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. Last Updated: 07/27/2016

Time to Talk

Consult with the United Nations? George W. Bush's speech sounded more like a pistol-whipping. Either the wimpy, no-account folks in the glass palace on the East River get with his Iraq program or else.

"Else" is having yourself consigned to irrelevance by the boss of the free world.

It is a measure of the president's success in wrenching the question about a first-time preemptive war from "why?" to "how?" that many people were relieved he even went to the United Nations.

At a Carnegie Endowment for International Peace discussion of an alternative solution, Carnegie President Jessica Mathews led the launch of a plan to get rid of nuclear weapons rather than Saddam Hussein himself and expressed gratitude for Bush's mere presence on the green marble podium. "He has walked back into the fold of the UN," she declared bravely.

The Carnegie plan, which we can assume will get short shrift at the White House, calls for coercive, militarized inspection of Saddam's ever-expanding facilities for chemical, biological and nuclear weapons. He will resist, obviously. But one Carnegie panelist, retired Air Force General Charles Boyd, predicted that under the threat of armed intervention, Saddam would give in: "It is a choice between the undesirable and the unacceptable" -- like choosing a quadruple bypass over extinction.

In Bush's well-written speech, he gave inspection short shrift.

The Powell-Cheney split inside the White House has been much chronicled. U.S. Secretary of State Colin Powell, the peacenik, called inspection "the first step." The designated warmonger, Vice President Dick Cheney, showing an appetite for armed conflict that he lacked during the Vietnam era -- he got five draft deferments -- dissed inspections as a source of "false comfort." The president's mention of inspections indicated that Cheney had prevailed: "We know that Saddam Hussein pursued weapons of mass murder even when inspectors were in his country. Are we to assume that he stopped when they left?"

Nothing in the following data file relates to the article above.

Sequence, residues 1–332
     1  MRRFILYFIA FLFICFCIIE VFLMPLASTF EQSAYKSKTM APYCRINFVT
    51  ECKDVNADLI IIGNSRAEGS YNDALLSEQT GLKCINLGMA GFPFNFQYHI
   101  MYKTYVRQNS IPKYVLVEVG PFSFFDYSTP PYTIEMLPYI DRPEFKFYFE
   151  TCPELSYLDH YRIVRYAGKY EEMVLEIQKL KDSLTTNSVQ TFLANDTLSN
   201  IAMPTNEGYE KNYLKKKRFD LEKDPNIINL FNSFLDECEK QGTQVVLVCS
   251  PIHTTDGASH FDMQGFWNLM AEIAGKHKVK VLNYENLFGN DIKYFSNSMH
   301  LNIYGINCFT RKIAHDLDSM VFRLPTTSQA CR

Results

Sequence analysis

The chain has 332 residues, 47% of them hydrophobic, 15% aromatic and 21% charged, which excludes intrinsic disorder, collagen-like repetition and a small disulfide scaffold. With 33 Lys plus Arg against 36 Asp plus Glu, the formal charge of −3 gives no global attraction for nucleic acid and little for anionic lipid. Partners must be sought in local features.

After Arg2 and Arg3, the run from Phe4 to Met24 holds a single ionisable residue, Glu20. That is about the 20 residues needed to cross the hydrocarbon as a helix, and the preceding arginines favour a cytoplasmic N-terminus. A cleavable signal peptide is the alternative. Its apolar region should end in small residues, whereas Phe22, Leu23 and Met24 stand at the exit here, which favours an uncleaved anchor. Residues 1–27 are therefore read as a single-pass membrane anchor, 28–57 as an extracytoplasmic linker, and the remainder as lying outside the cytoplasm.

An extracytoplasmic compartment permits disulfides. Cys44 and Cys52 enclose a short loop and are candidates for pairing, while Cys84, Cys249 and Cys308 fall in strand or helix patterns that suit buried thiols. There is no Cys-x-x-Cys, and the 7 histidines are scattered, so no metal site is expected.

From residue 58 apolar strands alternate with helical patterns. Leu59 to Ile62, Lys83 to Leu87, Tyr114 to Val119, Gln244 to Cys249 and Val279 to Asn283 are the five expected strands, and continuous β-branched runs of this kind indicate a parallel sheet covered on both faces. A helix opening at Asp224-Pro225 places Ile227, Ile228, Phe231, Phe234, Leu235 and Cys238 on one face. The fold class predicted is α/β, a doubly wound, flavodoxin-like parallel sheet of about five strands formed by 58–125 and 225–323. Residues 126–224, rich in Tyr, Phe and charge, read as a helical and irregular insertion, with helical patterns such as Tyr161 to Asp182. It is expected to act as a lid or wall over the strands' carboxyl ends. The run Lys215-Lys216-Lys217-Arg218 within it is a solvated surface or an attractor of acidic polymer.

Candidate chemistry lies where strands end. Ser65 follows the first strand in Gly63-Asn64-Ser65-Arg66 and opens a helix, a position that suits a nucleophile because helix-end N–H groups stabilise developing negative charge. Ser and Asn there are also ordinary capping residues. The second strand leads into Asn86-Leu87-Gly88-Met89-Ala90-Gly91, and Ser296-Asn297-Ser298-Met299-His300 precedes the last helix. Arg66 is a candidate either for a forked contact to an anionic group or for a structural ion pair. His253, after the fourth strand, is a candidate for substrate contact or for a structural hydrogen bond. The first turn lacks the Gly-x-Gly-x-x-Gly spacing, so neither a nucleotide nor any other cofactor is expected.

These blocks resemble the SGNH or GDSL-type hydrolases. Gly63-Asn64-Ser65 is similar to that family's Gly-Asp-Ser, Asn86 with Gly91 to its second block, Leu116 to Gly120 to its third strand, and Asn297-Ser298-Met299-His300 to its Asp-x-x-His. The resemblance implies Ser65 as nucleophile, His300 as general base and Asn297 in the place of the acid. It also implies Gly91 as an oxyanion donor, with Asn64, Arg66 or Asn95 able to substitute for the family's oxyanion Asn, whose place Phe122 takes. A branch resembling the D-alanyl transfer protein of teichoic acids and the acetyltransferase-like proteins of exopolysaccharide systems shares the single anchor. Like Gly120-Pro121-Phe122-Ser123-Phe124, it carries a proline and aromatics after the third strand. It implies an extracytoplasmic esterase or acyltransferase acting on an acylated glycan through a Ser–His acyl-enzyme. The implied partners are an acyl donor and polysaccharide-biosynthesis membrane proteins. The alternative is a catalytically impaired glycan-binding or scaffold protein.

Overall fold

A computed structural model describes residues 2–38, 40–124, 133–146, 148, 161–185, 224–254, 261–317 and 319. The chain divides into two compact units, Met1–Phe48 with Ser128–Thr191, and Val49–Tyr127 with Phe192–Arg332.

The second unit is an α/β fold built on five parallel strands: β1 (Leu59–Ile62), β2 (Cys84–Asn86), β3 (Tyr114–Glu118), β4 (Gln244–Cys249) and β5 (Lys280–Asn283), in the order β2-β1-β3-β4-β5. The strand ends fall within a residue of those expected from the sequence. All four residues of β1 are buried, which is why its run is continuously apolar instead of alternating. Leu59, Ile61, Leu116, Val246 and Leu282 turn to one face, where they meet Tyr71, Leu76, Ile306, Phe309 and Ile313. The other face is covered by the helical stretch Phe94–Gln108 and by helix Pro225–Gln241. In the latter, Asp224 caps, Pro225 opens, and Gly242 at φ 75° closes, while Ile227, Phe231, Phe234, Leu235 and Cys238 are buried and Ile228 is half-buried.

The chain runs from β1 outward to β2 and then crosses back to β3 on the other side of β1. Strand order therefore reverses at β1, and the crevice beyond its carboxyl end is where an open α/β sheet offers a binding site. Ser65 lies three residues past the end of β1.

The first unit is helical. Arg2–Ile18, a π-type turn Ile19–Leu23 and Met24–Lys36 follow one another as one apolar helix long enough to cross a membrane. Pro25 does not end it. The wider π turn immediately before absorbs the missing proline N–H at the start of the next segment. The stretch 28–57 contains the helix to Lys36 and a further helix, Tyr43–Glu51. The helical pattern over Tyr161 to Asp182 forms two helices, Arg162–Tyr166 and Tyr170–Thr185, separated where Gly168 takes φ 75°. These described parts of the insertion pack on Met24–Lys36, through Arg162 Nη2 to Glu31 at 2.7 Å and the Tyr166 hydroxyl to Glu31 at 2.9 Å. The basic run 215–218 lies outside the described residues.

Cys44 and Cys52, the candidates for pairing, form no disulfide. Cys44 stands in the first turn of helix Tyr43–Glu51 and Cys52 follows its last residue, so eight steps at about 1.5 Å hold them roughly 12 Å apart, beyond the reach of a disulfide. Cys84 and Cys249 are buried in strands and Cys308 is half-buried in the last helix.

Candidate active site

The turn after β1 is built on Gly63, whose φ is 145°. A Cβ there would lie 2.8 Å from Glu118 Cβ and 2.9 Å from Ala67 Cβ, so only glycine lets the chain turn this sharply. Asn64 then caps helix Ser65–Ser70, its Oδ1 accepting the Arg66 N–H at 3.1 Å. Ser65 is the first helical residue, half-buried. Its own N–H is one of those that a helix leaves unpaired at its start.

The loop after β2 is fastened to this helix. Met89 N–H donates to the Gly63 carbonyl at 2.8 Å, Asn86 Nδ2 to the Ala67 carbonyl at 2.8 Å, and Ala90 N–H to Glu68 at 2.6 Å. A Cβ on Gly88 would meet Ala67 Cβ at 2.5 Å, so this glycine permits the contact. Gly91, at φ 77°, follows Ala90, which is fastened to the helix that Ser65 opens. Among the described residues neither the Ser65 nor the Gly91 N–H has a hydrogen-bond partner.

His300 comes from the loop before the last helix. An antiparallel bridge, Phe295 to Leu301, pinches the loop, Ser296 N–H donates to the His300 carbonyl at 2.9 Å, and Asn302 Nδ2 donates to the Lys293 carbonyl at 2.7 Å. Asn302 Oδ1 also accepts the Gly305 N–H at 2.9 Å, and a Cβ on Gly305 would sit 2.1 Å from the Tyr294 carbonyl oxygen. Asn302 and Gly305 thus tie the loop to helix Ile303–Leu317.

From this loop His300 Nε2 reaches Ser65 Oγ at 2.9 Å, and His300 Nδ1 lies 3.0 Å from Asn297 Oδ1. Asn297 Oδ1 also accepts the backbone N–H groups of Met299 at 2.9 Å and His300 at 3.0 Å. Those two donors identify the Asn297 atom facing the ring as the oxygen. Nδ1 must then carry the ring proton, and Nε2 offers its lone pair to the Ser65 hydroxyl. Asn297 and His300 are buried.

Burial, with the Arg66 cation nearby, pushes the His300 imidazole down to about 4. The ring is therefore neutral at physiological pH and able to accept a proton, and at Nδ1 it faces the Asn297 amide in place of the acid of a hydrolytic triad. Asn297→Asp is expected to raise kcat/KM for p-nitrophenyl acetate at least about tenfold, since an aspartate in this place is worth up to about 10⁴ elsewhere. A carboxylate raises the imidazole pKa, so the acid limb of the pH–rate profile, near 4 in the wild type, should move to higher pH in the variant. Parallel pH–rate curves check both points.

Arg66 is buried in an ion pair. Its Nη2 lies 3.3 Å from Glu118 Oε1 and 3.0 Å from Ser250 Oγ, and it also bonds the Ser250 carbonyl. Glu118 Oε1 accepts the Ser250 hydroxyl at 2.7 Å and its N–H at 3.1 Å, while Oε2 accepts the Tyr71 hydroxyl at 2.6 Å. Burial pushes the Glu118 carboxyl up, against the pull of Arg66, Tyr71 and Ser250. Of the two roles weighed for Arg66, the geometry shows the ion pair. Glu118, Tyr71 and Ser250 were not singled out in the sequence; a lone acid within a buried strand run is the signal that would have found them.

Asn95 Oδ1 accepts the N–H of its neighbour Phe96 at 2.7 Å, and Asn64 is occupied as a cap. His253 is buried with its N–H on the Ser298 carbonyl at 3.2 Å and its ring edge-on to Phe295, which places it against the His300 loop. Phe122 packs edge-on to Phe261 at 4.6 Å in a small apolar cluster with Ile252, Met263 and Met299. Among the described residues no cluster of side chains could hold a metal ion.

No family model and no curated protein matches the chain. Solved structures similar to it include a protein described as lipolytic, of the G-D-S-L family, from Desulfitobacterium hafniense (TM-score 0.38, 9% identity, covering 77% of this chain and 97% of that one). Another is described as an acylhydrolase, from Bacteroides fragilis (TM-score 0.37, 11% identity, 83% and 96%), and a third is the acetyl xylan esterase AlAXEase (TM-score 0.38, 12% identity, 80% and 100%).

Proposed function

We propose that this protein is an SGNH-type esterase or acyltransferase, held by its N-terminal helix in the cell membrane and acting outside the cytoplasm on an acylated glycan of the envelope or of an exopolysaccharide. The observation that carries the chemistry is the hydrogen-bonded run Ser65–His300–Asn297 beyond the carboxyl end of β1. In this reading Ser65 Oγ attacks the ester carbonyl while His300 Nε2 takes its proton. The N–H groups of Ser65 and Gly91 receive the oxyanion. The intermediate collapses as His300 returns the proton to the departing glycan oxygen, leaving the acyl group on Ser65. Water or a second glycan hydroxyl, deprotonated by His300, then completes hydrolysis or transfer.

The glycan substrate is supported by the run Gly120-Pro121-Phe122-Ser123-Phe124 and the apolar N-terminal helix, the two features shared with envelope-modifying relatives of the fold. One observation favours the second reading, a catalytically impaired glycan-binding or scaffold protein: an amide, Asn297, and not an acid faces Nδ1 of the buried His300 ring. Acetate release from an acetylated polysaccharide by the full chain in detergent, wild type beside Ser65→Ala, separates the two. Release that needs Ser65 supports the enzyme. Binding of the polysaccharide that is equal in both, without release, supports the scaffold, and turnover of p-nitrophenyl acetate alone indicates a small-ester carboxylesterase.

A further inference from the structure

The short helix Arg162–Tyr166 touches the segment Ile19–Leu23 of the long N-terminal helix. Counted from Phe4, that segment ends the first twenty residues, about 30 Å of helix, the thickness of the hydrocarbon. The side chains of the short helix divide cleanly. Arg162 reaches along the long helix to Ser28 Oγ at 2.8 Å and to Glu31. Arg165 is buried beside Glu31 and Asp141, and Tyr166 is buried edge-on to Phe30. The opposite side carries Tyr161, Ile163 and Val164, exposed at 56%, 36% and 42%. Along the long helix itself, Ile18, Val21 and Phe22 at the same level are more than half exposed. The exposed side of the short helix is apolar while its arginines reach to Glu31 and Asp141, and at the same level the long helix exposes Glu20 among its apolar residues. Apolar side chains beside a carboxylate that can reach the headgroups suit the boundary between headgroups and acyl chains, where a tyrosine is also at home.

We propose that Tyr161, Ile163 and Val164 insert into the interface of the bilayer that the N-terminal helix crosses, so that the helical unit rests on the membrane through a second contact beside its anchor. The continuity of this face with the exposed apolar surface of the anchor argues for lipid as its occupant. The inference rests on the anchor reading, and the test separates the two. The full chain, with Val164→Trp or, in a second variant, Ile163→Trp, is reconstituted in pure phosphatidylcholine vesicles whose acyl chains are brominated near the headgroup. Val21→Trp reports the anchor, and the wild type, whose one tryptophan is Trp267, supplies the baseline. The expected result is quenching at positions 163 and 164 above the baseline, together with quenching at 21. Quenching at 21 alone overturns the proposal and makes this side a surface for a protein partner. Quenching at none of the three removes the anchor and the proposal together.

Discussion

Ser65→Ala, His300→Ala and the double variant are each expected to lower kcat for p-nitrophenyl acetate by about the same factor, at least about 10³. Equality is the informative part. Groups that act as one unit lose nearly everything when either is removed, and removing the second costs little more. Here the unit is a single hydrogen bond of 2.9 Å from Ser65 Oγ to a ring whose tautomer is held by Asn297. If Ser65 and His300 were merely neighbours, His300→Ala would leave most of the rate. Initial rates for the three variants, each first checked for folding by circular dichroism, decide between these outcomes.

But those who feared a virtual declaration of war were mollified. And the real audience for the tough talk was Congress, which Bush is trying to muscle into support for war with Iraq before the November elections. Dissenters will be asked what more they want in order to commit the country to combat in a hostile neighborhood: "He went to the United Nations, didn't he?" Resisters will be accused of "politicizing" the great regime-changing efforts of a son who is trying to complete his father's unfinished business. The elections will be transformed into a referendum on the commander in chief, which is what Bush has always sought. It will be uphill work to keep voters focused on prescription drugs, the economy and the environment when our uniformed men and women are in peril.

Bush made the case against Saddam as an outlaw and a malign dictator who represents "a grave and gathering danger." But the particulars of his tyranny rather strikingly resemble those of Saudi Arabia, which is our ally in the war against terrorism.

On the morning after the first anniversary of Sept. 11, it was hard to imagine that rage at Saddam was equal to America's still-tearful fury at Osama bin Laden, who killed 3,000 innocent people and goes unpunished. Whatever Hussein is doing -- or will do -- he had nothing to do with the day that we relived around the clock.

We are still far from punishing the fiend who set in motion so much grief and glory -- a horrendous reminder of our vulnerability and at the same time an explosion of valor, decency and kindness that we cannot relive often enough.

The war on terror had immediate support. But a year later in Afghanistan the warlords are drifting back into power, while our handpicked president, Hamid Karzai, is dodging assassins and al-Qaida infests the hills.

We have a president who recoils from the idea of nation-building in Afghanistan, which needs everything, and embarks without inhibition on a course that some say will require a decade of occupation and reform in Baghdad.

Will the country decide that we should finish one war before we start another? Will we at last throw our weight into the fray between Israelis and Arabs? It's a dangerous undertaking when the all-important Jewish vote is at stake. If Congress capitulates on the dubious venture proposed by Bush over the objections of Iraq's neighbors and all Europe except Britain -- the German chancellor calls it "an adventure" -- where are ordinary citizens going to get the encouragement to just say no?

Bush raised the stakes at the United Nations. We had thought only Iraq's survival was the issue. Now that the United Nations is threatened with irrelevance, it has to show some resolve rather than just passing resolutions and prove to Bush that it is never too late to talk instead of fight.

Mary McGrory is a columnist for The Washington Post, where this comment first appeared.